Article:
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Disclaiming Disclaimers


This question was posted to our Ask an Expert Service, a members' only benefit of the Big "I" natonal which is staffed by more than 50 volunteer industry experts:

COVID and all the coverage debates swirling around it has raised the question in our agency regarding the use of a disclaimer. Several in the agency think we should develop disclaimer language to, essentially, warn our clients that there may not be any coverage from a COVID-related loss. Can you suggest the best way to word such a disclaimer?

Big "I" VU Faculty Response:

Because of the questions surrounding insurance protection for COVID-related claims, agents from around the country are considering including COVID-related disclaimers in proposals, renewals and any other document intended for prospects and clients.

While this may seem a timely and effective method for avoiding errors and omissions (E&O) problems from COVID claims, in fact, using such a narrow disclaimer could worsen the agency's E&O exposure. Focusing on one potential exposure while not addressing or effectively ignoring all other exposures places the agent in a dangerous position.

Disclaimers focused solely on COVID, or any other “hazard of the day," open up major opportunities for a plaintiff attorney if an uncovered loss occurs or an improperly managed exposure results in a loss – that involves something other than COVID. Neither the deposition nor the witness stand is the desired time to explain a seemingly good, yet knee jerk decision.

Agents generally do not list every possible exclusion or limitation in a proposal or renewal, but a few are highlighted – generally those added by endorsement. But as every agent knows, or should know, the unendorsed policy language already contains exclusions and limitations.

Short of listing every exclusion, gap or limitation (which would require pages and pages of explanation), the only way the agent can adequately warn the insured about exclusions and limitations is by use of a well-worded disclaimer. Disclaimers are necessary but should not be narrowly focused.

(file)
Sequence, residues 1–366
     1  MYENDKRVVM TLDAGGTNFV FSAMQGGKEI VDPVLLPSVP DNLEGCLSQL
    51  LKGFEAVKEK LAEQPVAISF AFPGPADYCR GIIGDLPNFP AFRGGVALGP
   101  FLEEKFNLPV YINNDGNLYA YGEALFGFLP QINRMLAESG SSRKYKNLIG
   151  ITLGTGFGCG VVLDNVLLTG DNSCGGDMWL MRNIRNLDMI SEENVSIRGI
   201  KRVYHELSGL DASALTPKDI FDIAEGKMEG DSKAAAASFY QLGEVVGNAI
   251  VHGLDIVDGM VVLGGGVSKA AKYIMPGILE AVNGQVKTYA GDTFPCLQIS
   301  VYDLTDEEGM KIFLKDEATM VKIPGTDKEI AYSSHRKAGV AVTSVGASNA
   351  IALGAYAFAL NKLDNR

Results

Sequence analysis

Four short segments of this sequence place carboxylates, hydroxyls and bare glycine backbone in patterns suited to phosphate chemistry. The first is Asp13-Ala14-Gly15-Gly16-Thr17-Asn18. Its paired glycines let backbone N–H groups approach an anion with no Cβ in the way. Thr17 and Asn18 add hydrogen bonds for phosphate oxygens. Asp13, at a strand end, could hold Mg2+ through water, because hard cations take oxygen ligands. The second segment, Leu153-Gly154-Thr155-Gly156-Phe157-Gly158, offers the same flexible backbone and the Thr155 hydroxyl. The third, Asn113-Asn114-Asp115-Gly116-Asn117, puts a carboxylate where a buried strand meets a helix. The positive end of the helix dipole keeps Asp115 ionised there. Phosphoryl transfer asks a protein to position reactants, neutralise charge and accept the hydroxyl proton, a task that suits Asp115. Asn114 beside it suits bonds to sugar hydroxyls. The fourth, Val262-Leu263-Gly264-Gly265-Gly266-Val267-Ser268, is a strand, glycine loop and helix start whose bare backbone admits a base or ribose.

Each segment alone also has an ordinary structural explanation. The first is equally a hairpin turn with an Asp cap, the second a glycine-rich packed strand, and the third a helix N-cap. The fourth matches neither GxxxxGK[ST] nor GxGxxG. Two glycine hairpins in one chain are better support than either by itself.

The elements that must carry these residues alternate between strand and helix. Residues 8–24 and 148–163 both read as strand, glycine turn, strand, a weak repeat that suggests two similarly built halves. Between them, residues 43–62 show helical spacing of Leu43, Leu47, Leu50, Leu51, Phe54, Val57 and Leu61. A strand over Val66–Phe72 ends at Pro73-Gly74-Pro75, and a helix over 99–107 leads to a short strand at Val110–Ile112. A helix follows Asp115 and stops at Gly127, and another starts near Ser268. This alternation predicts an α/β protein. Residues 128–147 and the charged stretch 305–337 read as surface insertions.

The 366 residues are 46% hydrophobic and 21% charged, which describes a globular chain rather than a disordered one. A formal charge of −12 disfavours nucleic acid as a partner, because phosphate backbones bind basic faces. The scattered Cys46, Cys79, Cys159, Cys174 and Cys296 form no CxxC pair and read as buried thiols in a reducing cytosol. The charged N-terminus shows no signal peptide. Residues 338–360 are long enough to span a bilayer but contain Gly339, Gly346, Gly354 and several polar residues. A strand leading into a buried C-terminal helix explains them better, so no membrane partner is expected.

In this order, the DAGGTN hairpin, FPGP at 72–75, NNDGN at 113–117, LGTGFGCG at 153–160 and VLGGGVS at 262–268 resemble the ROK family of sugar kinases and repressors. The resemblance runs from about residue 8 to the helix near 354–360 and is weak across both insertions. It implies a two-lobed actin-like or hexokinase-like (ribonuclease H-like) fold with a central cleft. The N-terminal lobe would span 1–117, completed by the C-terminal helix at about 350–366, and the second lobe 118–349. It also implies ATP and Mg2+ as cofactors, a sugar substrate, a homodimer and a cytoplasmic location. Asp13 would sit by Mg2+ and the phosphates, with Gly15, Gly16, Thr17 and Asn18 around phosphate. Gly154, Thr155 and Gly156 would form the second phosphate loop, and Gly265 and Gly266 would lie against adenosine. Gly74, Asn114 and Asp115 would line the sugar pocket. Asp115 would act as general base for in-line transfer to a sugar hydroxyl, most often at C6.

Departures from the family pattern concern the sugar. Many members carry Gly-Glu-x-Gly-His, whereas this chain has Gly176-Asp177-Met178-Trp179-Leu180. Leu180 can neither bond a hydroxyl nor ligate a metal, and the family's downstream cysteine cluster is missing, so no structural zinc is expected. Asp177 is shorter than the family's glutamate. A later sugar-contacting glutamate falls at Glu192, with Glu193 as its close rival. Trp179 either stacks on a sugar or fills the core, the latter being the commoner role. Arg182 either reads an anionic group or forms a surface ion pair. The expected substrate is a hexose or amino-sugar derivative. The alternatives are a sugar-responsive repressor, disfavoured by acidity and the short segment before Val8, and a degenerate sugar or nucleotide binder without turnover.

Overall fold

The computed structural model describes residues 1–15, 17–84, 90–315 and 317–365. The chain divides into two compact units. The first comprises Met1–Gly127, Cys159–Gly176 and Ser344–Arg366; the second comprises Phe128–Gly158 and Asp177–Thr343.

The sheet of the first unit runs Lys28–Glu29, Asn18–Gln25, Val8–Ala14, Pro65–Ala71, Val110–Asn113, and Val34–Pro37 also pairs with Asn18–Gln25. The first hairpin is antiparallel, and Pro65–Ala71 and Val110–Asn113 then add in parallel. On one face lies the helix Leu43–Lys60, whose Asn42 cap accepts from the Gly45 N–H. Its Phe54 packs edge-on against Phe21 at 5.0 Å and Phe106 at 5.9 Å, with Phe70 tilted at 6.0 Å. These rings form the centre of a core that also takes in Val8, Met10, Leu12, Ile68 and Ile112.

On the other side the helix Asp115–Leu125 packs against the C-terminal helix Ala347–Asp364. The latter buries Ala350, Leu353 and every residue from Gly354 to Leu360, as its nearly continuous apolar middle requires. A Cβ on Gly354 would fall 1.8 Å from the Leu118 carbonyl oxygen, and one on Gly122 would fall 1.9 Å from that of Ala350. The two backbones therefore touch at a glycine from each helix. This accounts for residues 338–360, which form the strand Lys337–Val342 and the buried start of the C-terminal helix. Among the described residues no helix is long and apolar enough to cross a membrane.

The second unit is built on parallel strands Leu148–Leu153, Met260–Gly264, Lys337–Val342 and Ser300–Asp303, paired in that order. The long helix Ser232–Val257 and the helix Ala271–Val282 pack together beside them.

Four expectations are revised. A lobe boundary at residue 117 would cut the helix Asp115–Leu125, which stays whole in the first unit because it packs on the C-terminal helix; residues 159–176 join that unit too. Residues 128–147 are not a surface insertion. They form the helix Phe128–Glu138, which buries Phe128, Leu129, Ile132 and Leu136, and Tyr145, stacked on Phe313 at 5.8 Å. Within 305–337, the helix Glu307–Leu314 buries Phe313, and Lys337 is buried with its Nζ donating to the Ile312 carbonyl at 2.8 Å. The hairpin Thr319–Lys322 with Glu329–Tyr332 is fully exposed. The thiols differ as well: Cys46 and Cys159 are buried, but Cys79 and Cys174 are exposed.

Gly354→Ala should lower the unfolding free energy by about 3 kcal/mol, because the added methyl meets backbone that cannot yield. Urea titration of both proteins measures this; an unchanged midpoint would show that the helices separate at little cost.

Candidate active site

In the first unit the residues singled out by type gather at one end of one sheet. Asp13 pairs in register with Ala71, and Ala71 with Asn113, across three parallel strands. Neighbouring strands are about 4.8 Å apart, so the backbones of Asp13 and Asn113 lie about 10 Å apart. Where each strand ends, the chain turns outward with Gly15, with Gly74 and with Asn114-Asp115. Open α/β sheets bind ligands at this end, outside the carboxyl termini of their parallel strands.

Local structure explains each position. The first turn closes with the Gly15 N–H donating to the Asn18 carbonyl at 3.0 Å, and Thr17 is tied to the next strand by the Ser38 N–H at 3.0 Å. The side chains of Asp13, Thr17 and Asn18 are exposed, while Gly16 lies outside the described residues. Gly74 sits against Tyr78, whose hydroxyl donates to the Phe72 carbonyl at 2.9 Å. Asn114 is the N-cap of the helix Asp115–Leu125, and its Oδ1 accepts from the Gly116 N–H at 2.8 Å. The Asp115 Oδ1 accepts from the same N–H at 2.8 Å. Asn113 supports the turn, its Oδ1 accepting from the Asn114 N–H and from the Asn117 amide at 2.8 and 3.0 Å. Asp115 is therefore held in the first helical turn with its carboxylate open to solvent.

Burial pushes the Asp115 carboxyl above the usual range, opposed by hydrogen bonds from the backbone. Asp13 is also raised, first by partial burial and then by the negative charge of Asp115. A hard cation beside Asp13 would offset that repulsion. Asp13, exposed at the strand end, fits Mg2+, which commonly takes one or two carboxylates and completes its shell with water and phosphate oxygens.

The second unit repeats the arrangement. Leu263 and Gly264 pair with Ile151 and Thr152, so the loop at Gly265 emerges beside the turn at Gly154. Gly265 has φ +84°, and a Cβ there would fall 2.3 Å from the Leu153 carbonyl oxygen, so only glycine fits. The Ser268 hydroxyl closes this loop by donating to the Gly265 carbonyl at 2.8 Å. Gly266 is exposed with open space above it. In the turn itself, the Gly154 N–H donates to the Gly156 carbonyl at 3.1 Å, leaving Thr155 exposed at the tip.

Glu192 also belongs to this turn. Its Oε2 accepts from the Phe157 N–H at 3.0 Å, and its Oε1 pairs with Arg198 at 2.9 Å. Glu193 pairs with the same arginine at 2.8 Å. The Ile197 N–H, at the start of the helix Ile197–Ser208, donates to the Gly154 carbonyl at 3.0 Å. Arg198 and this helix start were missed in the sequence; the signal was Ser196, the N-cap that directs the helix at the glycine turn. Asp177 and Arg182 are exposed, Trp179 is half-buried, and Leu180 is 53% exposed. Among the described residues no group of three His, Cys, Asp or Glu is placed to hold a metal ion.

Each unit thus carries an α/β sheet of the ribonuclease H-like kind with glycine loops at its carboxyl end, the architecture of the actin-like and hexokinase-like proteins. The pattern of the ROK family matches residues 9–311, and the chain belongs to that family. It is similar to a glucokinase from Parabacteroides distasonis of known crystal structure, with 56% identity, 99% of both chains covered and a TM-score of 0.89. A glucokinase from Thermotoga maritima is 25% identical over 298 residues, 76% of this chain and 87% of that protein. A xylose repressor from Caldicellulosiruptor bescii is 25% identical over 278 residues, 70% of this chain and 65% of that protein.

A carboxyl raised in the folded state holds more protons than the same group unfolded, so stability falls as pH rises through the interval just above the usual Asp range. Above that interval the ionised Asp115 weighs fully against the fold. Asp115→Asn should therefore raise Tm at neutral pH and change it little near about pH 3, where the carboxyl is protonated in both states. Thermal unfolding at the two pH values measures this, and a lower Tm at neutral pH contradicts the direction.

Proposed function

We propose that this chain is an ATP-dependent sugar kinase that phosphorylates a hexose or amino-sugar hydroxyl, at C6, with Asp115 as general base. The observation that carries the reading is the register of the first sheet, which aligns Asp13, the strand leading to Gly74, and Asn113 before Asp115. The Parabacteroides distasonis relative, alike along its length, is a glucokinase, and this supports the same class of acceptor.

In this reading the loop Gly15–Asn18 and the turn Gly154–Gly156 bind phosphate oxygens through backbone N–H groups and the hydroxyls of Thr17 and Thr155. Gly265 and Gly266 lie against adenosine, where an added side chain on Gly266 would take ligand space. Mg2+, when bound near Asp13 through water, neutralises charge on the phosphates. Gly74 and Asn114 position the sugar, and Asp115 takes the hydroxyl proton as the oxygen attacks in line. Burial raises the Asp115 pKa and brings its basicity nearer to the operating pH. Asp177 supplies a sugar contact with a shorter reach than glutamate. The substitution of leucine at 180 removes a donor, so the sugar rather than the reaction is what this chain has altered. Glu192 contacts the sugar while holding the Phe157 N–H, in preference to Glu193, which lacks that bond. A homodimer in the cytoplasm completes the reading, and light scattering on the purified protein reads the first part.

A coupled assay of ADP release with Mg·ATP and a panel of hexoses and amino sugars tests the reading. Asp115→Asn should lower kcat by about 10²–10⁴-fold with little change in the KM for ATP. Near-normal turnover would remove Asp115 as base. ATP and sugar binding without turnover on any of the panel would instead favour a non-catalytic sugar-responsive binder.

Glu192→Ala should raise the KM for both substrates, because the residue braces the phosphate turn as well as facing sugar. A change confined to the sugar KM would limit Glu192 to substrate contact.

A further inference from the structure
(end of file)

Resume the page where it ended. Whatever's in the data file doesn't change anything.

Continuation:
Unless every possible exclusion or limitation is listed in the proposal, use very broad disclaimers. Narrow disclaimers focused on one or a few exposures can make the situation worse, not better.

Attempting to list every exclusion and limitation is just as dangerous from an E&O perspective as narrow disclaimers. There is no effective way to address all exclusions and limitations in less than 30 pages. Consider the commercial property policy as just one example. Beyond the specifically-listed exclusions, the commercial property policy contains:

  • Exceptions to exclusions;
  • A list of property not covered;
  • Sub-limits;
  • Additional coverages, with conditions; and
  • Conditions in general.   

When a package of coverages is written (CGL, BAP, Umbrella/Excess, Crime, etc.), the exclusion and limitation explanation pages would fill an encyclopedia.

Disclaimers are necessary to remove the need to be this precise in every proposal. And from a sales and marketing perspective, presenting the client with a 60-plus-page proposal, most of which is explanations of the lack of coverage, lowers the chances of closing most clients.

How to write a disclaimer:

  • Disclaimers should not address one or a few specific exposures.
  • Disclaimers need to be broad enough to warn the prospect and client that there are exclusions and limitations that may not be addressed in the proposal.
  • Disclaimers should point the insured to the specific policy language, warning the insured to not depend on the proposal for any interpretation of coverage. 
  • Disclaimers should clearly state that coverage determinations are often fact-based.
  • Disclaimers should address the agent's market access. This means that the agent makes known to the insured that they have not researched the entire marketplace to see if a specific coverage is available; but they have researched their available markets. 

Following is sample disclaimer language: “All insurance policies contain exclusions and limitations either within the policy language or added to the policy by attachment of an endorsement. Not all exclusions or limitations are addressed in this proposal. Exclusions and limitations can be absolute or conditional based on the specific circumstances and allegations of a loss or claim. Policy language dictates coverage. [Name of Agency] offers the coverage options available from the insurance carriers it is licensed to represent or from those with which it has a relationship; the agency makes no representations regarding coverages, exclusions or limitations in policies from any carriers not represented by the agency nor does the agency make representations regarding the availability of coverage to cover any specific risk of loss in the broader insurance marketplace."   

Disclaimers are necessary in every proposal and communication regarding coverage. Attempting to address all possible coverage issues in the absence of a disclaimer creates a major problem when the agent is on the witness stand.

The best advice is, don't focus on one set of circumstances or loss exposure in any disclaimer. Make use of proper, well-worded, general disclaimers.

Last updated: July 21, 2020

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